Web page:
Friday, February 28, 2014

WV Reads 150 Celebration


The West Virginia Center for the Book invites you and your team to a reception in honor of your reading accomplishment!

Saturday, March 22, 2014, 1 – 3 PM
West Virginia Library Commission J. D. Waggoner Reading Room
Culture Center
1900 Kanawha Boulevard East
Charleston, West Virginia Reading Room

Meet ten West Virginia authors in the Great Hall of the Cultural Center.
Tour the West Virginia State Museum at the Culture Center.
Books and other West Virginia handcrafts will be available for purchase
at the West Virginia State Museum Gift Shop.

Prize Drawings will be held throughout the reception.

For additional information/directions contact your local library or call 304-558-3978


Thursday, February 27, 2014

LearningExpress Library 3.0

LearningExpress, the career/test tutor database, supplied by the West Virginia Library Commission, is transitioning to a new platform!  

The newest version of LearningExpress Library™ (3.0) will launch via the portal  on Monday, February 24. The current version (2.0) will remain on the site until May 1 when it will be retired. Both platforms will be available to users between February 24 and May 1. After that date, only version 3.0 will be available. It is important for libraries to alert their patrons to retrieve any materials they've created on the old platform before it disappears on May 1.

LearningExpress Library™ 3.0 is new technology that has no connection to LearningExpress 2.0. As such, it will not recognize existing usernames and passwords from LearningExpress Library 2.0. All current users will be required to register as new users to access the new platform. Furthermore, any content saved in LearningExpress 2.0 accounts will not migrate to LearningExpress Library 3.0.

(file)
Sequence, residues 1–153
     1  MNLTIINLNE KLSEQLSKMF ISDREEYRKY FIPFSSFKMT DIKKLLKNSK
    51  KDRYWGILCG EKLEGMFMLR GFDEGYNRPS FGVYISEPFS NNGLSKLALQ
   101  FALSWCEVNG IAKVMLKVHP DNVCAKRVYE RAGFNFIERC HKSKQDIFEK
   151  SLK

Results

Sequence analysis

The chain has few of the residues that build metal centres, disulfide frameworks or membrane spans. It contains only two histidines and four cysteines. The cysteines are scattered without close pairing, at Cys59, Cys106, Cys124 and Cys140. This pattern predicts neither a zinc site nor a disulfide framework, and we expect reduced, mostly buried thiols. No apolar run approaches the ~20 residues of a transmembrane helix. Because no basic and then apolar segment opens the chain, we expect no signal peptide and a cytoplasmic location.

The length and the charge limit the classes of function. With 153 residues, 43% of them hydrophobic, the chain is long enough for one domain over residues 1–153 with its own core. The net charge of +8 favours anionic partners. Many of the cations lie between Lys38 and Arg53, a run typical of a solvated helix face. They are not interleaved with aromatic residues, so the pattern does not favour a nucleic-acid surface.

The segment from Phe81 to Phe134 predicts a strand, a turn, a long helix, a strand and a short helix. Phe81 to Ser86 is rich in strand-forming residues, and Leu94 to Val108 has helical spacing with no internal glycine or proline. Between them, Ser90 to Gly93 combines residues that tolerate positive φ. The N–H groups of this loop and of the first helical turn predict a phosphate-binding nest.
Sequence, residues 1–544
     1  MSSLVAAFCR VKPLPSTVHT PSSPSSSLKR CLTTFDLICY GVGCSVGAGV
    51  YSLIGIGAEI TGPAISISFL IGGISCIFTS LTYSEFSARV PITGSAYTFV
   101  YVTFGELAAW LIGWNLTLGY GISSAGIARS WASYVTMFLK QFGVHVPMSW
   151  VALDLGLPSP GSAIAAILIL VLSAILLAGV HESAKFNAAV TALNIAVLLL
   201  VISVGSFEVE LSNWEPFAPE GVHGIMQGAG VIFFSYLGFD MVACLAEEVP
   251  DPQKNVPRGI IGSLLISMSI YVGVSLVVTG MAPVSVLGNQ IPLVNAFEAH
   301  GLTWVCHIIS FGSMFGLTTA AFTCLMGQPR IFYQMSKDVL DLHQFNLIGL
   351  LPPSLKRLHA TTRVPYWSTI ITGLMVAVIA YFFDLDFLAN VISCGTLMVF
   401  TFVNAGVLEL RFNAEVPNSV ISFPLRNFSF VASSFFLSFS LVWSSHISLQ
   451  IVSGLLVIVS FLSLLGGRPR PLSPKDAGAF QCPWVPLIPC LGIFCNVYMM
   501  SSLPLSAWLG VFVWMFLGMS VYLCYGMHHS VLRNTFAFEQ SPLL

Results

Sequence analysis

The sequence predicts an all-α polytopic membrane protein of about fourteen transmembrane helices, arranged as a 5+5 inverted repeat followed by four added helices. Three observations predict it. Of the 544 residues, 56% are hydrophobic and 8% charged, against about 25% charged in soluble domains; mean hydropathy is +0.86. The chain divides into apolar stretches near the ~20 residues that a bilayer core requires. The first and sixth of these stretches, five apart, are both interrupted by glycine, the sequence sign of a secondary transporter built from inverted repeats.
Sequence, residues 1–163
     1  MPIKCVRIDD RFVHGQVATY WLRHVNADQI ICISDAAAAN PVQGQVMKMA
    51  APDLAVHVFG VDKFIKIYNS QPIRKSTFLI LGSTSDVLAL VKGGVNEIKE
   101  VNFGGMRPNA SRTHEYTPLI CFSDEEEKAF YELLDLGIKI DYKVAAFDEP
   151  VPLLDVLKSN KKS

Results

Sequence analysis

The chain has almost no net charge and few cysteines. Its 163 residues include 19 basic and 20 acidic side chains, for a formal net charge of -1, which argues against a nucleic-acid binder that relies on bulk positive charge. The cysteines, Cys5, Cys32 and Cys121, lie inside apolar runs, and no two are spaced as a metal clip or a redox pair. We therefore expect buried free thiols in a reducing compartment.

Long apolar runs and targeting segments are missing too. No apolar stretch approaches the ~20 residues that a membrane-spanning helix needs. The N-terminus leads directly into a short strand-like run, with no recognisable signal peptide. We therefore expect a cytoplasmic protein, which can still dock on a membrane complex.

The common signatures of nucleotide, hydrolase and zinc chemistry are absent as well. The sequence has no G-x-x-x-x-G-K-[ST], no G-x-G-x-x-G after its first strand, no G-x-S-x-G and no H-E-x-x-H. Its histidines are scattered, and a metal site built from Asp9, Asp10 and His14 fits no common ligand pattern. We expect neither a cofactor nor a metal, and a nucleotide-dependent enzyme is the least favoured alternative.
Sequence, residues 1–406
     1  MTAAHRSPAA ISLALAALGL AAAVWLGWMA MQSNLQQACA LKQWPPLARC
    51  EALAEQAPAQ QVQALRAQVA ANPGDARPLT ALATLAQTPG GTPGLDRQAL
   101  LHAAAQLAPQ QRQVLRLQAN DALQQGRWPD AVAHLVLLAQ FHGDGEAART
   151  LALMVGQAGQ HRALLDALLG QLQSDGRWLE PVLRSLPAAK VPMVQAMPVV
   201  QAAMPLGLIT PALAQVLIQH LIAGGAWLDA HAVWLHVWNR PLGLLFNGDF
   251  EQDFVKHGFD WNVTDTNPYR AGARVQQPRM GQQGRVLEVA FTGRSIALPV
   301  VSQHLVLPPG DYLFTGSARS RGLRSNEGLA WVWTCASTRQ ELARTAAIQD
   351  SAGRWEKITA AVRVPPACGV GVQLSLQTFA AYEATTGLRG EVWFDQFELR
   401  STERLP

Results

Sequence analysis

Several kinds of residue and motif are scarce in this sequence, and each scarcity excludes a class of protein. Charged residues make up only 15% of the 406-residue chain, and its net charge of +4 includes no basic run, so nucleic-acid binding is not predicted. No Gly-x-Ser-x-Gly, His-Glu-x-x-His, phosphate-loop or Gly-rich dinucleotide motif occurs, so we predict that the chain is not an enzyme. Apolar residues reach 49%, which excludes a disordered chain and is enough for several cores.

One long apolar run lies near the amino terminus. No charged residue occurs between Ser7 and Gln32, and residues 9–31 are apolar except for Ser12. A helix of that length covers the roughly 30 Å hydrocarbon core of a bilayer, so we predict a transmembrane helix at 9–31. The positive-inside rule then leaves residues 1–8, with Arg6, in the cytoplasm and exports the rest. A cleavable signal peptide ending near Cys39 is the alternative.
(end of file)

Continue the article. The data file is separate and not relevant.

New GED test and the TASC test prep materials are available in the new LearningExpress Library™ 3.0 High School Equivalency Center.

Job & Career Accelerator, another LearningExpress product, has also been updated. It's now one of nine specialty "centers" available through the LearningExpress Library main page. (Look for it on the All Centers drop-down menu.) And on the portal, Job & Career Accelerator 3 has been added.   The same user names and passwords can be used for LearningExpressLibrary  and Job & Career Accelerator.  These usernames and password can be the same used for the 2.0 platform products. 

As with LearningExpress Library, personal accounts, resumes, cover letters, training records, and job searches created on the previous platform will not transfer to the new version of Job & Career Accelerator. Users will need to create new personal accounts. The old version of Job & Career Accelerator will remain available to users until May 1, 2014.

****Link to a video which shows you how to take advantage of everything LearningExpress Library has to offer including how to create a new account, login to the library, move around quickly, search for and use our products, use your personal portfolio page, and get help:  The video and other helpful information is found under the User Guides tab. 

For additional information and resources please contact Susan Hayden, 304-558-3078, ext. 2015.

Thursday, February 20, 2014

Capitol Reads

February's Capitol Read is Affrilachia Poems by Frank X. Walker. Walker is Kentucky's most recent Poet Laureate. Walker is the first black writer to receive the honor.

Affrilachia was the 2013 One Book, One West Virginia selection.

"I wanted to tell her/ that the word Affrilachia/ was not divide communities/ that it existed to make visible/ to create a sense of place/ that had not existed." from Affrilachia

Affrilachia (2000) is a ground-breaking book that, as Gurney Norman (former Poet Laureate of Kentucky) writes, "illuminates a vast cultural landscape." In adding a new word to the English language, Walker provided us with a fresh concept of what it means to be Appalachian, a condition that transcends race, revealing a sense of both kinship and place. As Norman writes, "In Affrilachia, Frank startled the world with his poetic assertion that in the twenty-first century, many African American people have regional identity and place-based consciousness that is inextricable from their racial identities,' or, as Walker writes himself, "some of the bluegrass is black." Affrilachia provides a voice to the "Appalachians," who, like the Cherokee, complete the rainbow that is as Appalachian as the Scot-Irish we too often limit the region to.